With respect to factors (v) and (vi) above, the Exchange expects members and member organizations to present a system of supervision and control that is reasonably designed to detect and prevent regulatory violations and that otherwise meets the requirements of NYSE Rule 342. Such a system should include, but is not limited to, the following elements, where applicable: (1) Clearly articulated policies and procedures, and sufficient resources to implement them; (2) systematic monitoring of activity using routine and exception reporting criteria; (3) an appropriate system of follow-up and review if “red flags” are detected, and mechanisms for verifying that deficiencies are corrected; (4) routine and “for cause” inspections, including possible use of unannounced surprise inspections; (5) offsite monitoring of trading, handling of funds, and use of personal computers; (6) adequate designation of supervisors and clearly delineated supervisory responsibilities, including a system of review and follow-up to ensure that such supervision is sufficiently independent and is diligently exercised; (7) monitoring of outside business activities and outside accounts; (8) monitoring and surveillance of internal and external communications; and (9) the education and training of RRs and their supervisors to ensure they understand their responsibilities under the firm's procedures and all applicable securities laws.
In addition to the elements enumerated above, members and member organizations should also take into consideration relevant guidance provided by the Exchange and other regulatory bodies when developing their supervisory plan for a proposed limited purpose office.
All of the above factors will be considered as a whole to determine whether an application for limited purpose office status should be granted. However, any one factor could cause an application to be delayed or rejected by the Exchange if it raises a substantive issue with respect to the appropriateness or advisability of a remote supervisory arrangement. If an application for limited purpose office status encompasses more than one office, pursuant to a categorical description or plan, the member organization must submit the proposed list of prospective offices so as to disclose the scope of the request.
In addition, members and member organizations will be responsible for maintaining a readily available, current and accurate list of all locations either specifically approved and designated by the Exchange as a limited purpose office, or otherwise designated as such pursuant to a general categorical description or plan approved by the Exchange. Further, any material change with respect to the representations made by any member or member organization pursuant to the proposed Interpretation Start Printed Page 72486with respect to any location so approved and designated must be promptly brought to the attention of the Exchange for reconsideration.
III. Discussion and Findings
The Commission finds that the proposed rule change, as amended, is consistent with the requirements of the Exchange Act and the rules and regulations thereunder applicable to a national securities exchange. In particular, the Commission finds that the proposed rule change is consistent with Section 6(b)(5) of the Exchange Act, which requires, among other things, that the rules of a national securities exchange be designed to prevent fraudulent and manipulative acts and practices, to promote just and equitable principles of trade, and, in general, to protect investors and the public interest.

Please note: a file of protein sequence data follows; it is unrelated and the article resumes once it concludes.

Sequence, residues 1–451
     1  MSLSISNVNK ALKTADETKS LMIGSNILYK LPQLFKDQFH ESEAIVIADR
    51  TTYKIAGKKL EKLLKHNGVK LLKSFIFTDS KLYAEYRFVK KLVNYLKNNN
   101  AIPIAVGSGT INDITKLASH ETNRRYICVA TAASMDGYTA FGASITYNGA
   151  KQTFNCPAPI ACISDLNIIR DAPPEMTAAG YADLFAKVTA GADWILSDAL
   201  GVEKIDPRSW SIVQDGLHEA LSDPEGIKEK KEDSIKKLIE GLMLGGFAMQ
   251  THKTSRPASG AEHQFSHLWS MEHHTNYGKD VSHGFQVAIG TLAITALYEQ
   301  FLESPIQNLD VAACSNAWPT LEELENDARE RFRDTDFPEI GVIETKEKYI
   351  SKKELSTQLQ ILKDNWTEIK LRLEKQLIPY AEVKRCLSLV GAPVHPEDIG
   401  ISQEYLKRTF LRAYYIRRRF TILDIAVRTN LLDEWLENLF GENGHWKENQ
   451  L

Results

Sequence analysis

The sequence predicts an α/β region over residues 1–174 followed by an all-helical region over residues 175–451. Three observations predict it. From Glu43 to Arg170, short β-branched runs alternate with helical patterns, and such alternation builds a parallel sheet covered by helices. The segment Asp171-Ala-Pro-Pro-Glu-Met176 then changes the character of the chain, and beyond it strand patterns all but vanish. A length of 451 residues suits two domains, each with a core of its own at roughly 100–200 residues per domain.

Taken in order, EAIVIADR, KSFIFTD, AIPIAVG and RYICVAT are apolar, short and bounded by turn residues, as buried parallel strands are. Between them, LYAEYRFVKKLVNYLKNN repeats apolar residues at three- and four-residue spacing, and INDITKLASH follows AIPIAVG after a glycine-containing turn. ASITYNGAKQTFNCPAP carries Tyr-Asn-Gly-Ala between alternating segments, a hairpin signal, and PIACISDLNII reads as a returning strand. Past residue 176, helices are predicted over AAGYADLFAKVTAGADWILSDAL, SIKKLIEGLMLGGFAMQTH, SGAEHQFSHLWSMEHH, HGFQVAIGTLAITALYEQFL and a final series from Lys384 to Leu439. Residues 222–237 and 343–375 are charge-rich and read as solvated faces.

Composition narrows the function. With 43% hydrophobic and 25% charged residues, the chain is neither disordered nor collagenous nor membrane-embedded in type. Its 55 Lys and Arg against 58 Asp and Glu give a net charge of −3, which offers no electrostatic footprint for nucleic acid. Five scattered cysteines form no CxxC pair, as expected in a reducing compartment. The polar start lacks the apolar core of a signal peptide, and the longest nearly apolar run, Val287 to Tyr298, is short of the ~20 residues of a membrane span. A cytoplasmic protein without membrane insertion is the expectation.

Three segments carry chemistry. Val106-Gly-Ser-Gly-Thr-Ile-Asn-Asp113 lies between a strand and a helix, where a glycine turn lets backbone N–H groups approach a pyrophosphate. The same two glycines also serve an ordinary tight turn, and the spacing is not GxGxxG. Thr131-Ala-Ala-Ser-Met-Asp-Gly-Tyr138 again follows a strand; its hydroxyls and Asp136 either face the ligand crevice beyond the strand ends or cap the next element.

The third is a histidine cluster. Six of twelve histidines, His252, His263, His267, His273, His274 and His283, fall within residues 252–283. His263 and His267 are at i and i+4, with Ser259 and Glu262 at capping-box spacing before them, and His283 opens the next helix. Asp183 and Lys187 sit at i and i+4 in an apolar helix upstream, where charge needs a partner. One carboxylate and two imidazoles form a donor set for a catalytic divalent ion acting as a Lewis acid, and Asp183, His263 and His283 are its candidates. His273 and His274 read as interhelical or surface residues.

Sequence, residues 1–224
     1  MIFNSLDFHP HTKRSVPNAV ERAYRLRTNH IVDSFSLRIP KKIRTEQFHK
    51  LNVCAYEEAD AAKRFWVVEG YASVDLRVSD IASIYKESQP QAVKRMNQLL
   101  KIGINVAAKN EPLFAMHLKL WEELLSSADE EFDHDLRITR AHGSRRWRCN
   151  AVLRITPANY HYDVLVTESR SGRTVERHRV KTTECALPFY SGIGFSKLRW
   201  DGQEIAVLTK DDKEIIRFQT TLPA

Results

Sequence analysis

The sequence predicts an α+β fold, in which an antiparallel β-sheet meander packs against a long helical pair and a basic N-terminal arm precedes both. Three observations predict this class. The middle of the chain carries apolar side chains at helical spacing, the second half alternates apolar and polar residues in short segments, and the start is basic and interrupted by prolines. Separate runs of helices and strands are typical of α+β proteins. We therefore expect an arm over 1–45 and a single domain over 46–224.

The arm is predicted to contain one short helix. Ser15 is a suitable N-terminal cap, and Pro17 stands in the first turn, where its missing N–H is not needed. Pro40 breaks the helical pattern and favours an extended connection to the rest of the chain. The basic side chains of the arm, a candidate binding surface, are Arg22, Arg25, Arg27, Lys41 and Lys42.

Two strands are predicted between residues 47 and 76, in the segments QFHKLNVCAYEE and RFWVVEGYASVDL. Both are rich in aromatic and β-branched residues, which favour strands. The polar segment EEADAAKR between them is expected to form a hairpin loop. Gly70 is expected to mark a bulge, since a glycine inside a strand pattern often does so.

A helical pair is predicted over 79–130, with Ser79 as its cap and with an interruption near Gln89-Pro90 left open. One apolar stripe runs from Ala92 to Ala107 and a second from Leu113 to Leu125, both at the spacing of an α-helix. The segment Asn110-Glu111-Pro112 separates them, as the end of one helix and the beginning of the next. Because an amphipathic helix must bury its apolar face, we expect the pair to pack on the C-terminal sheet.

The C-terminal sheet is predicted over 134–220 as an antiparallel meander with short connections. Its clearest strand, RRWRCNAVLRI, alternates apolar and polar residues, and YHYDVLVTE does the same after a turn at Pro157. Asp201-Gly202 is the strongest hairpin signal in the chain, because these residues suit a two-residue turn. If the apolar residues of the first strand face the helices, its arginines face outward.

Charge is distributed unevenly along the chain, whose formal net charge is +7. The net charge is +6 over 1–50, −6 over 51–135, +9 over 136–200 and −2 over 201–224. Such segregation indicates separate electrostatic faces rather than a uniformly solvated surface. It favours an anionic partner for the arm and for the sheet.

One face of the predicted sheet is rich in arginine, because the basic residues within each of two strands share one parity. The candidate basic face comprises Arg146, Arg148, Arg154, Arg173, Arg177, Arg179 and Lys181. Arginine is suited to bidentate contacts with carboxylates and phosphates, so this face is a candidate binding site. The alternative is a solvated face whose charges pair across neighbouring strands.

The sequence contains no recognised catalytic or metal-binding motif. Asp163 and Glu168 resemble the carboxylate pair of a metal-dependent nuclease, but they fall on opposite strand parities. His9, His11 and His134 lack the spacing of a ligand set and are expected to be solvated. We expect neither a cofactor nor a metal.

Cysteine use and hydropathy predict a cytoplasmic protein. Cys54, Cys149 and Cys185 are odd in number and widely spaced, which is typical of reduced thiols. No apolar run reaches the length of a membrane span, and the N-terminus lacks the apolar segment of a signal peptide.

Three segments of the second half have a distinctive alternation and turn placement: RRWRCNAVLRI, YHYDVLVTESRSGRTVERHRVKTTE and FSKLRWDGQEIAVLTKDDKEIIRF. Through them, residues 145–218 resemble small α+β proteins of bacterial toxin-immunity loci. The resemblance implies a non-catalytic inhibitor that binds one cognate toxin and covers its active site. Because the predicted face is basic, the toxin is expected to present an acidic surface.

According to the Exchange, many broker-dealer business models are becoming more reliant on offices of more than three RRs that service geographically isolated locations, but do not offer a full line of securities products and services. Given that the proposed safeguards are designed to promote effective supervisory procedures, the Commission believes it is reasonable for the Exchange to have more flexibility and discretion to determine whether a qualified on-site branch office manager is necessary for offices that engage in a limited scope of securities-related business activity. The Commission also believes that the proposed Interpretation strikes an appropriate balance between providing flexibility to the Exchange to accommodate the evolving business models of its members, while at the same time setting parameters to ensure that limited purpose offices will continue to be effectively supervised. To further ensure that such offices receive effective remote supervision, the Commission expects the Exchange to review plans of risk-based supervision and control for limited purpose offices and their implementation as part of the Exchange's regular examination of members and member organizations.
It is therefore ordered, pursuant to Section 19(b)(2) of the Exchange Act  that the proposed rule change (SR-NYSE-2004-51) be, and hereby is, approved.Start Signature
For the Commission, by the Division of Market Regulation, pursuant to delegated authority.11
Jonathan G. Katz,
3. Amendment No. 1 more fully describes the factors to be used in determining whether a location qualifies as a limited purpose office, as well as how those factors will be considered by the Exchange when examining an application for a limited purpose office status. The proposed rule change is described in its entirety in Section II below.Back to Citation
4. See Securities Exchange Act Release No. 52640 (October 19, 2005), 70 FR 61672 (October 25, 2005).Back to Citation
5. The Interpretation of NYSE Rule 342.15 limits a small office to a total of three RRs. Small offices that serve an order-taking function only and have no operational facilities are not required to have a qualified manager on-site if they are under the close supervision of the main office or other designated branch offices. See NYSE Rule Interpretation 342.15/01-02. In addition, supervision and control procedures must be made part of the member's or member organization's written plan of supervision.Back to Citation
6. See also NYSE Info Memo 04-38 regarding independence of supervision and internal controls.Back to Citation
7. See, e.g., NYSE Info Memo 04-38 (Amendments to Rules 342, 401, 408 and 410 Relating to Supervision and Internal Controls) (July 26, 2004); SEC Division of Market Regulation Staff Legal Bulletin No. 17: Remote Office Supervision (March 19, 2004).Back to Citation
8. In approving this proposed rule change, the Commission has considered the proposed rule's impact on efficiency, competition, and capital formation. 15 U.S.C. 78c(f).Back to Citation
[FR Doc. E5-6820 Filed 12-2-05; 8:45 am]